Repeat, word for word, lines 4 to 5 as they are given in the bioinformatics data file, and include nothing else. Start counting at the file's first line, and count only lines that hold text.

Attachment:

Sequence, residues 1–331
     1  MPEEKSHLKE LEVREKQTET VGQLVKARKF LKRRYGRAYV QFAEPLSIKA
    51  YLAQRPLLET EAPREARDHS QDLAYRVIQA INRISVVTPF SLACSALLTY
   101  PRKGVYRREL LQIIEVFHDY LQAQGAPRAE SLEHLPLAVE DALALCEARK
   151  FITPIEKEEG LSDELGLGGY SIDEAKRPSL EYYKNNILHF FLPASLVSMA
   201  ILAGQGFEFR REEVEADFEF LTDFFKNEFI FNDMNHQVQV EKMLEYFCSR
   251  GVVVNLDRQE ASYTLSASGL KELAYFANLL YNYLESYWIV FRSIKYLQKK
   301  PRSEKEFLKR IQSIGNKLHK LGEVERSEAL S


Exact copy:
   101  PRKGVYRREL LQIIEVFHDY LQAQGAPRAE SLEHLPLAVE DALALCEARK
   151  FITPIEKEEG LSDELGLGGY SIDEAKRPSL EYYKNNILHF FLPASLVSMA